Spot gold hit a record high of $US1,945.16 per ounce, and rose 1.8 per cent to $US1,934.62 by 1738 GMT. US gold futures settled up 1.8 per cent to $US1,931.
Silver also rallied, jumping as much as 8 per cent to $US24.57, its highest since August 2013, and was up 6.9 per cent at $US24.31 per ounce.
“The dollar is losing its safe-haven appeal and you’re going to continue to see gold surge as the dollar sinks,” said Edward Moya, senior market analyst at broker OANDA.
“Everything is clicking for gold. There are high prospects the Federal Reserve is going to ramp up their efforts to repair the economy and the virus uncertainty is going to mean that the stimulus trade is going to remain.”
The dollar index hit a two-year low on the US-China tensions and concerns about the US economy as COVID-19 infections show no signs of slowing in the world’s largest economy.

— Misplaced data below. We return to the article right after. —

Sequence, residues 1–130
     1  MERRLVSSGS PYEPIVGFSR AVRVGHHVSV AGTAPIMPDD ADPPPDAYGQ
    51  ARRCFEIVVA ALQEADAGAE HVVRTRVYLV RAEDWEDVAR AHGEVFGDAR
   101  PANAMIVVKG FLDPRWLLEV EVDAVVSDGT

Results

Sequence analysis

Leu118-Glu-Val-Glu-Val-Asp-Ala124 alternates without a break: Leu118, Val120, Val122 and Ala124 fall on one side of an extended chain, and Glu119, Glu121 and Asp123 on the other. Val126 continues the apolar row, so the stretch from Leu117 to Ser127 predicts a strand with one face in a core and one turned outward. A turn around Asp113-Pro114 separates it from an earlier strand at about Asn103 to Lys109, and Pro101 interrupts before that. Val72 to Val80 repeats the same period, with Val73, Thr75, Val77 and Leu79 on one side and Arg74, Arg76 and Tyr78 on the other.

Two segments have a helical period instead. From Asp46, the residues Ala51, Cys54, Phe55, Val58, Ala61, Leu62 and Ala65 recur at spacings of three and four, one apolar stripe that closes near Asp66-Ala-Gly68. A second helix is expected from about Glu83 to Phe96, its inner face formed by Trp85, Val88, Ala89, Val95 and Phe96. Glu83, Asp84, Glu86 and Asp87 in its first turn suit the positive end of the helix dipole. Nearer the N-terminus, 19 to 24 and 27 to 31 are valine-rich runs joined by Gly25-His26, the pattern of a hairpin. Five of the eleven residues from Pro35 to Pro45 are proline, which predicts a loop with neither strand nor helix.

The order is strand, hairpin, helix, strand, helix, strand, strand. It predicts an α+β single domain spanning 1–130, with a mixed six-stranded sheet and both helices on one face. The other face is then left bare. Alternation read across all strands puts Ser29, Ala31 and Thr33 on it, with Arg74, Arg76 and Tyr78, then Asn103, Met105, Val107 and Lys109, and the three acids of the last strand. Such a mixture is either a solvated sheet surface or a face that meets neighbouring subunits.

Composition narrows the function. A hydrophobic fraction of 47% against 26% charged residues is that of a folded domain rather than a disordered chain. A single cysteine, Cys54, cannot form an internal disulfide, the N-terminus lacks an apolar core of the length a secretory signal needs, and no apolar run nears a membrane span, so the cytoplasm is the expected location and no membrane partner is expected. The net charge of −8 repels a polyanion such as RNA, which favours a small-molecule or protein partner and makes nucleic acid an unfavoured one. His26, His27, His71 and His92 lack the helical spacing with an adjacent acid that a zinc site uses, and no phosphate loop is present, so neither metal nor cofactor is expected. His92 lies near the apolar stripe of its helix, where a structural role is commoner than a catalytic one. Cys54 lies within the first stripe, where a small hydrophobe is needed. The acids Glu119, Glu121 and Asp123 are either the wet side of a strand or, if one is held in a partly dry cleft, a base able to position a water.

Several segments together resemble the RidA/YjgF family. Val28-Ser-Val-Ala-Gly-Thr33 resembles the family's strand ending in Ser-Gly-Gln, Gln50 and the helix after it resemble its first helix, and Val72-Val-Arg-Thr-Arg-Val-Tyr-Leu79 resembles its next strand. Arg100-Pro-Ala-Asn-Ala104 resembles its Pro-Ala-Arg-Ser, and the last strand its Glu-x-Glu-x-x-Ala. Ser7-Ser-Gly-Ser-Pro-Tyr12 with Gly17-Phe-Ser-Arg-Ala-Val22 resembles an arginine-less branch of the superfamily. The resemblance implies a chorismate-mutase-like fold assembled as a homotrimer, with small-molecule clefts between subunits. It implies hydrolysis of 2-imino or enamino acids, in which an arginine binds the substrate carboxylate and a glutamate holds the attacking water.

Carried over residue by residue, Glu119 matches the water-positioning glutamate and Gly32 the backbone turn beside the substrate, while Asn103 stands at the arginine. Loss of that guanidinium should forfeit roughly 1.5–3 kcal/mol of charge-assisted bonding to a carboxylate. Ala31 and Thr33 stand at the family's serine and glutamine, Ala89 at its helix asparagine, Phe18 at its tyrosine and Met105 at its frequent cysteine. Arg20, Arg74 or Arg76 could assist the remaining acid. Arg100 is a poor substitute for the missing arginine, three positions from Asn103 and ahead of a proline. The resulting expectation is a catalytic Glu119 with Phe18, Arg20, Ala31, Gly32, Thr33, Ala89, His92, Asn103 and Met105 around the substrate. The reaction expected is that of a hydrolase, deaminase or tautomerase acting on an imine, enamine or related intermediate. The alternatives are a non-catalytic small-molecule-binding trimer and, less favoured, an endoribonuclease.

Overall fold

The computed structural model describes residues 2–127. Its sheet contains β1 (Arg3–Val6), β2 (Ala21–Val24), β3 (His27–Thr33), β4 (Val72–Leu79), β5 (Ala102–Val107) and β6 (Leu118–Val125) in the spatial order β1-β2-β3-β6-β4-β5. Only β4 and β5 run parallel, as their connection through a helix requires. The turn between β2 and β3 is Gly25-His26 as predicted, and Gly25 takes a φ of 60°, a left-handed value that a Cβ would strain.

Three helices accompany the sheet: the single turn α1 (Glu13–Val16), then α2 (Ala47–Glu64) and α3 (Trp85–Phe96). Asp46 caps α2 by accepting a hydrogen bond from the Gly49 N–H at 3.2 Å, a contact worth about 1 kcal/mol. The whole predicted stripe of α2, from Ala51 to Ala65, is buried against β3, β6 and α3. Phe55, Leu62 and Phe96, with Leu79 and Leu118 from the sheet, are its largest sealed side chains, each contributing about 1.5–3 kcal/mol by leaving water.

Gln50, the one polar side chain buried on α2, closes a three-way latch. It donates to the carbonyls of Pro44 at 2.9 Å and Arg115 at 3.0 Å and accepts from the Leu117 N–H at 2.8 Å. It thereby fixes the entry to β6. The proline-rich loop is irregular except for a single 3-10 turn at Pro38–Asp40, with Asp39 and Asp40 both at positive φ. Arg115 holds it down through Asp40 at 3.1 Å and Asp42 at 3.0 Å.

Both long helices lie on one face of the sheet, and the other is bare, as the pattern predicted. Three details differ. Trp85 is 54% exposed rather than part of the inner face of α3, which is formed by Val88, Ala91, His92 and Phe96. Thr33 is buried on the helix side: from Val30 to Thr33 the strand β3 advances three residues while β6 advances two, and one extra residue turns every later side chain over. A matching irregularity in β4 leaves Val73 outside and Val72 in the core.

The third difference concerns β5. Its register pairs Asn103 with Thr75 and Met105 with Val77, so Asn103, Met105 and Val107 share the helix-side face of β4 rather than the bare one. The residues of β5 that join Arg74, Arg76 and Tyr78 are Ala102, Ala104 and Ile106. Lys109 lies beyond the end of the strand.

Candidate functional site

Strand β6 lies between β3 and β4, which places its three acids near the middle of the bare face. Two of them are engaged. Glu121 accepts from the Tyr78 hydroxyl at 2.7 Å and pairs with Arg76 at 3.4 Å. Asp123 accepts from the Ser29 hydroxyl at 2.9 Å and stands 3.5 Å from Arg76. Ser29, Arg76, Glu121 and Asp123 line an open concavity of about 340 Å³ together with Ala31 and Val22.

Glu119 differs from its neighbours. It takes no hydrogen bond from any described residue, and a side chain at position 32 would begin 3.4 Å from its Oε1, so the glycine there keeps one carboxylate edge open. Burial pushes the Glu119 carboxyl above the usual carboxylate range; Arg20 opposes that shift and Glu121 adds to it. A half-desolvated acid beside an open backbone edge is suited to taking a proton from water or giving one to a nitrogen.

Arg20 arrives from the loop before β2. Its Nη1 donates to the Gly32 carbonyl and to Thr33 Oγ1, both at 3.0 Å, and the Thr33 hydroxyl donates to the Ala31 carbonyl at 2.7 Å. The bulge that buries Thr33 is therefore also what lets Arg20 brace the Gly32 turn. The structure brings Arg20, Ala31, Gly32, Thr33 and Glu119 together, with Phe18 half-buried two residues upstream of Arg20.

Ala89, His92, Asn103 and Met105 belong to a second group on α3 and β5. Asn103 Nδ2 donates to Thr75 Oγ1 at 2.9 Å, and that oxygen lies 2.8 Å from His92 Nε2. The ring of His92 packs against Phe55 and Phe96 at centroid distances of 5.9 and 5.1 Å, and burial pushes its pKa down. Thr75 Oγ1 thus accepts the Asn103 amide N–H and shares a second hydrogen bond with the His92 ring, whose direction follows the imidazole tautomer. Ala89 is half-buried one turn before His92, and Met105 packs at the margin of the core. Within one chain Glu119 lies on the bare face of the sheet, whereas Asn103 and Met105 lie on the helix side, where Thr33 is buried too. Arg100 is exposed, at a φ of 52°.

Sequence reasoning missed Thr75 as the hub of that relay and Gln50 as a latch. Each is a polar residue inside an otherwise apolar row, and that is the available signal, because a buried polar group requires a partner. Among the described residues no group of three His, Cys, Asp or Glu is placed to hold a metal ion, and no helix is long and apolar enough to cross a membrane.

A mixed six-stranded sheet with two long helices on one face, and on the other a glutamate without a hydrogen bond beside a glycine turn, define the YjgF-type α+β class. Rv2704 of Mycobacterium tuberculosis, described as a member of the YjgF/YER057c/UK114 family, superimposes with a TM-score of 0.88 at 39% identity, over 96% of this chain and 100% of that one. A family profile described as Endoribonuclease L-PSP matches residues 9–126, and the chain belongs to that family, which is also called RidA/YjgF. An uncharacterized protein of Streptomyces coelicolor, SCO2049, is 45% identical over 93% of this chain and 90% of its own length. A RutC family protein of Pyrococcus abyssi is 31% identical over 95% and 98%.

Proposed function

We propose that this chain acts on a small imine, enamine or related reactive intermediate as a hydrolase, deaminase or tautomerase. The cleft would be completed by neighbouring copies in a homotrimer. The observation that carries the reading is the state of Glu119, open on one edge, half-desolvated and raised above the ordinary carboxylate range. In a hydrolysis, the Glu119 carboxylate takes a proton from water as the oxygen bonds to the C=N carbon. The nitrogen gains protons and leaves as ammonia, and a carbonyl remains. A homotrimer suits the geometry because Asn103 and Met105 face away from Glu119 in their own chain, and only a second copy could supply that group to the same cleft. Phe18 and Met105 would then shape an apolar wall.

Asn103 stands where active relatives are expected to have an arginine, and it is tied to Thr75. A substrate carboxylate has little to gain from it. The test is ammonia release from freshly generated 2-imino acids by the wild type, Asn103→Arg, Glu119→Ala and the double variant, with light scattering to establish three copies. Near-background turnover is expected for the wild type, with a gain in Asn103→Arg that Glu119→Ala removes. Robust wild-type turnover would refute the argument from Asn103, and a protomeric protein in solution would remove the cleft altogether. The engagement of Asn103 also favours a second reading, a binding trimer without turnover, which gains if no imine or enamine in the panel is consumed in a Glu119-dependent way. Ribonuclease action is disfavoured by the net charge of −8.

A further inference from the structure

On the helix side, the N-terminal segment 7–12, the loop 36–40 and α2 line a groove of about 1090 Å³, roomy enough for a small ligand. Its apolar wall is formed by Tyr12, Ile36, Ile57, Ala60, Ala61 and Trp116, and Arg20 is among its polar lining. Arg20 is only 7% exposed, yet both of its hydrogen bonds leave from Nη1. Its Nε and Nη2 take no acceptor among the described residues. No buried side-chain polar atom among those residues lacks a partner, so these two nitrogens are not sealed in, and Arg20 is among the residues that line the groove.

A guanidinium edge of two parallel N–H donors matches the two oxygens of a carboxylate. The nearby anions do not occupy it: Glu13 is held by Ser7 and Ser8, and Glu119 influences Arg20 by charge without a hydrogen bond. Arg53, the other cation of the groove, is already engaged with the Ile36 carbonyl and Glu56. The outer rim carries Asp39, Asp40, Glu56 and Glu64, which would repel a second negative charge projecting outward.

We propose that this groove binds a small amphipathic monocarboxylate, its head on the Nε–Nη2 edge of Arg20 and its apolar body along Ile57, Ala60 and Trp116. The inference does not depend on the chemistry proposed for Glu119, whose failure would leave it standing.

Gold has risen 28 per cent so far this year, marking a shift from before the pandemic, when the bullion had to compete with other safe havens such as the dollar, especially amid Sino-US tensions, which had limited inflows into gold.
China on Monday took over the premises of the US consulate in the southwestern city of Chengdu in retaliation for Beijing’s ouster last week from its consulate in Houston, Texas.
US Senate Republicans are expected to unveil a $US1 trillion coronavirus aid package. Investors will also eye the US Fed’s meeting starting Tuesday, where it could flag another accommodative policy shift.
Non-yielding gold is considered a hedge against inflation and currency debasement, with analysts also pointing to massive inflows into gold-backed exchange traded funds as a driver behind its rally.
“A cure for COVID-19 has the potential to revive global risk sentiment and turbocharge investor confidence,” FXTM analyst Lukman Otunuga said.
“The tidal wave of optimism from such a positive development could send market players sprinting towards riskier assets at the expense of safe-havens.”
Platinum rose 2 per cent to $US932.33 per ounce and palladium jumped 3.4 per cent to $US2,295.29.
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